Tuesday, October 28, 2014

In the Interest of Accuracy We Offer the Following

And we freely admit to “knowing for certain” very few things. Thanks to Asher for helping correct us on this one.

David Berkoff
Personal information
Full name
David Charles Berkoff
(1966-11-30) November 30, 1966 (age 47)
Abington, Pennsylvania
5 ft 9 in (1.75 m)
154 lb (70 kg)

Bernal's Gator Swim Club
College team
Medal record[show]

David Charles Berkoff (born November 30, 1966) is an American former competition swimmer, Olympic champion, and former world record-holder. Berkoff was a backstroke specialist who won a total of four Olympic medals during his career at two different Olympic Games. He is best known for his powerful underwater start, the eponymous "Berkoff Blastoff".
At the 1988 Summer Olympics in Seoul, South Korea, he won a gold medal by swimming the backstroke leg for the winning U.S. men's team in the men's 4x100-meter medley relay. Individually, he also won a silver medal by placing second in the men's 100-meter backstroke event.
Four years later at the 1992 Summer Olympics in Barcelona, Spain, Berkoff earned another gold medal by swimming for the winning U.S. team in the preliminary heats of the men's 4x100-meter medley relay. He also won a bronze medal by placing third in the 100-meter backstroke.
Berkoff was inducted into the International Swimming Hall of Fame as an "Honor Swimmer" in 2005.

Sunday, October 26, 2014

What is the Next Big Breakthrough? There may actually be more than one

It occurs to us as we watch our sport progress that most everyone now fully acknowledges that underwater dolphin kicking is extremely fast and therefore a beneficial skill to possess and refine. Upon reflection it is perplexing that it took “us” – the collective sport – the better part of 30 years to come to this realization. It is especially confounding when we all saw it with our own eyes or via the image on the TV screen.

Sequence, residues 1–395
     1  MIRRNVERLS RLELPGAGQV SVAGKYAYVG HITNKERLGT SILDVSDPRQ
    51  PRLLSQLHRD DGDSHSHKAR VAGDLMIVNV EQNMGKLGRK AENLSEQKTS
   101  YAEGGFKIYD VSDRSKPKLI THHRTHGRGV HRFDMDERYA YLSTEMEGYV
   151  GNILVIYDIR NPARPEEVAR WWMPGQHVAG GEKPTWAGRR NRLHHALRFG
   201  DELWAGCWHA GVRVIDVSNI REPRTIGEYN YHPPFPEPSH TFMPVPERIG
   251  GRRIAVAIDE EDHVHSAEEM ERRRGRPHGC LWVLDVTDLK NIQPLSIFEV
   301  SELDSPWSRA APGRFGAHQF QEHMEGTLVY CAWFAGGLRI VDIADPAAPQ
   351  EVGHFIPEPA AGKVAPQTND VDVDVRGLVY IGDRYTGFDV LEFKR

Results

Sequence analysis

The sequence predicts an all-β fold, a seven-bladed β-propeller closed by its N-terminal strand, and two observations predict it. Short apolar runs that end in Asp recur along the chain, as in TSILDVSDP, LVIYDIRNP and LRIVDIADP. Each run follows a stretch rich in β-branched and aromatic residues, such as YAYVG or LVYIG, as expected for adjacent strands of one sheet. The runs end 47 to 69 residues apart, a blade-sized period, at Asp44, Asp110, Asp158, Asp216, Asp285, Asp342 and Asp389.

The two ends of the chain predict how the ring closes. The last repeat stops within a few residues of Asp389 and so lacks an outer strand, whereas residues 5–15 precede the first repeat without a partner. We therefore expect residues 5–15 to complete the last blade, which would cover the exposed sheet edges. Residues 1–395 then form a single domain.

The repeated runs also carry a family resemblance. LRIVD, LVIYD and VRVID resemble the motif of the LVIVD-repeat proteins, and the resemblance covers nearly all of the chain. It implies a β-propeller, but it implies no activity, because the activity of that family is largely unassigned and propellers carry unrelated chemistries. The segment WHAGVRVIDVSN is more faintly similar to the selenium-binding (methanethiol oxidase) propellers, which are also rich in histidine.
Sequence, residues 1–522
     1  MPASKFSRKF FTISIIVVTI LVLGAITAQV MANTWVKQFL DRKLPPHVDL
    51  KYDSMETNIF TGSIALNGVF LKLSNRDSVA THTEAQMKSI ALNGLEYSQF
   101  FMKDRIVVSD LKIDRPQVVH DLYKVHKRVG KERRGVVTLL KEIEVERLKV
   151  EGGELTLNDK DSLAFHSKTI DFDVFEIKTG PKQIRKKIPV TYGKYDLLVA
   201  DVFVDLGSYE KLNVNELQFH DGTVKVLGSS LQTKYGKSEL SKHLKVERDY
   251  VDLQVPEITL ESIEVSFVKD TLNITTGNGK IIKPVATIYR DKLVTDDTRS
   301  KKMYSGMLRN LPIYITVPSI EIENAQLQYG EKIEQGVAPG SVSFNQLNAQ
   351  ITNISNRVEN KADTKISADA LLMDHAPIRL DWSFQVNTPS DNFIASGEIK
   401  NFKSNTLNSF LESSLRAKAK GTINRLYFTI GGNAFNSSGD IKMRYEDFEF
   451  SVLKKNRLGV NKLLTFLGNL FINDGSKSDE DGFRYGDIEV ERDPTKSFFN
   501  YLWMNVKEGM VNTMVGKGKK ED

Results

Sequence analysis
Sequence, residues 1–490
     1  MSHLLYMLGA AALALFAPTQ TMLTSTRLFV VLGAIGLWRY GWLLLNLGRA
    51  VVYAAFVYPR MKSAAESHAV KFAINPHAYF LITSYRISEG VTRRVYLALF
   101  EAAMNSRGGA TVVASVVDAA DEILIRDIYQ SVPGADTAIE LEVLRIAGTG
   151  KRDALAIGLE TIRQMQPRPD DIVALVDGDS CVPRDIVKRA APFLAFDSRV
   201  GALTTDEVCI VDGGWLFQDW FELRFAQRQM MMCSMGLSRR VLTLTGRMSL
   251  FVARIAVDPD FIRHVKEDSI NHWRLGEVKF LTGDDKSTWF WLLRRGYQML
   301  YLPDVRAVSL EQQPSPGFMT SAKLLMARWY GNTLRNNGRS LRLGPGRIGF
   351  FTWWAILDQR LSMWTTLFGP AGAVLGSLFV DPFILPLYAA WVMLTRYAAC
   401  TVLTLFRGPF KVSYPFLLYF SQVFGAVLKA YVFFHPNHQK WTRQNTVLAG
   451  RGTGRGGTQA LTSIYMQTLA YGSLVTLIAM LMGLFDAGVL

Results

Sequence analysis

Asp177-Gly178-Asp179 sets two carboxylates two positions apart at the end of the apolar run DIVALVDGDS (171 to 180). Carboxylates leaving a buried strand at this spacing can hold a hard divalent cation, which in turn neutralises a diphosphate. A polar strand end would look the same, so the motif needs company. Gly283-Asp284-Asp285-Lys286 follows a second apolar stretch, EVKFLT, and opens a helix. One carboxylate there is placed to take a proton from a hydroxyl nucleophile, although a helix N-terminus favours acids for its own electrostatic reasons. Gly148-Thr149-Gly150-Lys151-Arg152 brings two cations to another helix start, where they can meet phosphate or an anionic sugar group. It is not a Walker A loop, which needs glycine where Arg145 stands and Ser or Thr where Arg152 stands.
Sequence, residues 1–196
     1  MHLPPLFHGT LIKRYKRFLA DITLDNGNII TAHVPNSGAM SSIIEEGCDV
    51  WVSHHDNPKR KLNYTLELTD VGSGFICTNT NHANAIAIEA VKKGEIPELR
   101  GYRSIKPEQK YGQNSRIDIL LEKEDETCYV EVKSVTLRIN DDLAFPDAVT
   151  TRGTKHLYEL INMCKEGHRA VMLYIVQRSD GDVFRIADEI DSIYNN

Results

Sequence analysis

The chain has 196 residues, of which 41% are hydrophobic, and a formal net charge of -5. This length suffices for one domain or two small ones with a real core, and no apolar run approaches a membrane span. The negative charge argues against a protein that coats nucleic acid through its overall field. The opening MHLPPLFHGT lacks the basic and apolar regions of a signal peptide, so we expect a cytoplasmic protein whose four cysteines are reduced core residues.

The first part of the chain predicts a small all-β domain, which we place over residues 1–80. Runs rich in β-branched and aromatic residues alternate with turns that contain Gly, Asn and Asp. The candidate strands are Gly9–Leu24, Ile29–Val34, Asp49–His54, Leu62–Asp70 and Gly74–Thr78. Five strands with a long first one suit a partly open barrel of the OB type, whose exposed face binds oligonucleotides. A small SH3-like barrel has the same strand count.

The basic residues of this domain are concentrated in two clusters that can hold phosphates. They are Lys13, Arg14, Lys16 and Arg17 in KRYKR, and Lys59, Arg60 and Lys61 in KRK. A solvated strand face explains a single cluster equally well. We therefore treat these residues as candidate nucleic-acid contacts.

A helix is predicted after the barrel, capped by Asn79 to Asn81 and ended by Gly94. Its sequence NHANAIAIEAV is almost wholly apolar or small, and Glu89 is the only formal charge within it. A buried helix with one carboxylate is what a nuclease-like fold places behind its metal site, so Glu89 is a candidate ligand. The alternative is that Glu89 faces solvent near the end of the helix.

DavidBerkoff, trained by Joe Bernal, won the 1988 Olympic 100 backstroke title dolphin kicking underwater for the overwhelming majority of both laps. There was no mistaking his prowess. We are told by Joe that in college (he went to Harvard) David kicked a 50  in a free relay underwater in the low 20 point range, maybe it was even 19 high – we cannot remember…and it – the time – doesn’t matter. What matters is that this athlete demonstrated a better (faster) way to “skin the cat”.
Now the whole world buys it. In the last decade or two several dozen athletes bought in but still the masses wouldn’t allocate the resources to acquiring this skill. What resources you may ask…simple…spend the time learning how to do it; then commit to doing it in a race.
So many coaches are preoccupied with building aerobic bases that they will not allocate the time to developing this critical skill. But wait, when you hold your breath under water for ½ a lap – every lap – you are actually building your aerobic capacity AND refining your dolphin kicking prowess…two birds with one stone; nice!
So what are coaches and swimmers going to be saying, “We need to do this” in the next 10-30 years? If you as a coach or swimmer can identify that one (or more) item(s) you will be a trend setter instead of a follower. We have been both and the former is much preferred. It gives you an edge. In the world of competition, edges make a huge difference.
We know you are out there, reading this. If you will share your thoughts, we will publish them anonymously, in hopes of stimulating a major positive breakthrough. One of the most significant positive attributes about our sport is the willingness to share. Let’s see if we can do so with this question as the cornerstone of the discussion…
What is next?

Sunday, October 19, 2014

Food for Thought

We went to the ASCA World Clinic in Jacksonville and came home with many notes jotted hurriedly at the moment of inspiration. Some of these notes make more sense now after 5 plus weeks of reading and re-reading…some make less sense. Fortunately in both cases verification or clarification can be had at a rather reasonable price from the ASCA web site.
Our apologies to the sources if we misspeak; it is unintended…